29 MARCH 1940, Page 18


SIR,—Canon Barry shows himself a most kind and sympathetic critic towards a little book with which he could not be expected to agree. I write not to controvert any of his views, but to follow further a particular issue which he raises and which has always disturbed me.

We agree over a very large field. We agree that civilisation is faced by a clash of "ideologies" or attitudes towards life which endangers almost all that we value. We are on the same side in that clash. We agree that it is not a mere political or economic issue that is involved. It is deeper than either. It is a moral issue. It is a religious issue. With some reservations I would agree that the cause for which England and France, led respectively by a Unitarian and an Agnostic, and supported by armies of Moslems and Hindoos from Turkey and India, have taken up arms is " the cause of Christian civilisation," though certainly not of Christian dogma. As I say in my preface, I would just as soon call it " a humane or a Liberal civilisation."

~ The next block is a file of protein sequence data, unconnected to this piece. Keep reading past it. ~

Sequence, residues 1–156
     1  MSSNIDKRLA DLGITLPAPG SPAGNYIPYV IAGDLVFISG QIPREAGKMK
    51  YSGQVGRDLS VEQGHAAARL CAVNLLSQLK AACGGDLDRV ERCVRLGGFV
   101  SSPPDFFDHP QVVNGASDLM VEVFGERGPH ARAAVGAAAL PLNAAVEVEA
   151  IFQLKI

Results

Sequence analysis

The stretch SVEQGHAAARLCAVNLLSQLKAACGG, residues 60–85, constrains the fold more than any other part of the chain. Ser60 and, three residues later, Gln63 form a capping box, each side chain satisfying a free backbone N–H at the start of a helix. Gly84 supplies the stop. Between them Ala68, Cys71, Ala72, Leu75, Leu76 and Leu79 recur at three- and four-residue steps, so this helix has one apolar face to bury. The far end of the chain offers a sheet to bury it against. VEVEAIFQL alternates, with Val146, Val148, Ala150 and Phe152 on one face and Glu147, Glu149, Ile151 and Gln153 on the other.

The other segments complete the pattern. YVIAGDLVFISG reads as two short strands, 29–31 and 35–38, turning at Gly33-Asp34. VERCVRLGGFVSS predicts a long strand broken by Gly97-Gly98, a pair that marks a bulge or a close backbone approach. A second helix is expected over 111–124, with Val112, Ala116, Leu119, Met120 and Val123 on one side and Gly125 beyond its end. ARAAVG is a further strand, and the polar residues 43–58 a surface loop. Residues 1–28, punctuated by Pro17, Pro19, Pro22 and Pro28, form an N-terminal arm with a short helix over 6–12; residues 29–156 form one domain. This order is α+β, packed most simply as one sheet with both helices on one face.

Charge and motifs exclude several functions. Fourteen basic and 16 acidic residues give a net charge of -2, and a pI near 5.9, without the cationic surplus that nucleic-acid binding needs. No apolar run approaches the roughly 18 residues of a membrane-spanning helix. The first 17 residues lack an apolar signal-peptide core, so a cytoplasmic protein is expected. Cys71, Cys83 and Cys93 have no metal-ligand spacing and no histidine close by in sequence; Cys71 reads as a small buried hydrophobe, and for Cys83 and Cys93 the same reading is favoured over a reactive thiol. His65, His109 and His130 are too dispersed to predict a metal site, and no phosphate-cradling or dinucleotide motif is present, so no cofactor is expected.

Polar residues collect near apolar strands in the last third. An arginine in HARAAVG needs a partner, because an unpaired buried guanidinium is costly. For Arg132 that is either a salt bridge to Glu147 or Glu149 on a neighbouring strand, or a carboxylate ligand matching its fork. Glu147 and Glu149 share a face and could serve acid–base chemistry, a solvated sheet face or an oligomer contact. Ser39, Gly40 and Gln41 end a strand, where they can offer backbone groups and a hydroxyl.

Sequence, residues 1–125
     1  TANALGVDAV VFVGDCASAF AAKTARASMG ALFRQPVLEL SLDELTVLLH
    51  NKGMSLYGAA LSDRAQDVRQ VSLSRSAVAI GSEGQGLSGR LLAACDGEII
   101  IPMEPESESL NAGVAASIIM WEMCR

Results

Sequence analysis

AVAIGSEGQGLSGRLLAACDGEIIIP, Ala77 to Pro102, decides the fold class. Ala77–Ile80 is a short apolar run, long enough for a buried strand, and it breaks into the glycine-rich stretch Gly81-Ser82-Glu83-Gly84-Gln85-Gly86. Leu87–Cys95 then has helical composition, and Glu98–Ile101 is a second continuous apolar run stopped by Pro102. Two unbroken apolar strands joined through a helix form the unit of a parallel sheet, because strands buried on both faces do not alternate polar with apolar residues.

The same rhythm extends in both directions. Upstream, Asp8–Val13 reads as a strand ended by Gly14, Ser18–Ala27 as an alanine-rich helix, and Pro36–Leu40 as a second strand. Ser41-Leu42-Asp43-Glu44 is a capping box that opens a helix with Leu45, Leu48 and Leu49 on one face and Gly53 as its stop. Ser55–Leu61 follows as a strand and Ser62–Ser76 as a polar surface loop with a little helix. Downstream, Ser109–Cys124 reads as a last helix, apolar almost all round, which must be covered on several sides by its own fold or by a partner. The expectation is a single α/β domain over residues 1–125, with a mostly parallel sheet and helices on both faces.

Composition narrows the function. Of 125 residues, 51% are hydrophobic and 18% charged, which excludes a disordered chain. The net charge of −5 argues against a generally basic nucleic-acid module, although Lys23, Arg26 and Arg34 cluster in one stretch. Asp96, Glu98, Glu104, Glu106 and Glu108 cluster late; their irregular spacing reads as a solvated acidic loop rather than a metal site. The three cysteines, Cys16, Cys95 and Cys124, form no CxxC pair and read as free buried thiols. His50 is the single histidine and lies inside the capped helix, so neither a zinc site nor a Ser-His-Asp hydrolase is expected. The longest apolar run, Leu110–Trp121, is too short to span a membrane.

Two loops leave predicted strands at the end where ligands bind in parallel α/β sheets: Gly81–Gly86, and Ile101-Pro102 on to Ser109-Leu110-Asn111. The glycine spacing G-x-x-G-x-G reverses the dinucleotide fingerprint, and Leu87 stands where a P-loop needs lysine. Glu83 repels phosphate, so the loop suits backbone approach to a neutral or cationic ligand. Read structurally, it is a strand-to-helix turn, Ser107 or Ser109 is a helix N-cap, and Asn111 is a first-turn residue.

That is, I hope, a reasonable, at any rate, a tolerant attitude. It is sceptical in the sense that it is fully as conscious of its ignorance as of its knowledge. The problem which Canon Barry raises is whether it can possibly hold its own in conflict

against the burning faith and raging egoism of Nazis and Communists. Can the sceptic stand up to the fanatic, the scrupulous man to the unscrupulous?

It is a large subject, and I will only offer some isolated remarks.

(r) The sceptic can often be certain that, however fallible he may be, his opponent is wrong. I am certain that Hitler's methods are evil. _When it comes to a fight this certainty amounts to a " burning faith."

(2) The progress of man is a continuous victory of thought over passion, tolerance over fanaticism, gradual persuasion over quick violence.

(3) In bad times the fanatics turn their opponents into fanatics, as in revolutions and religious wars ; then, after much harm has been done, and both sides have shown the evils of fanaticism, ordinary people become sceptical and mutually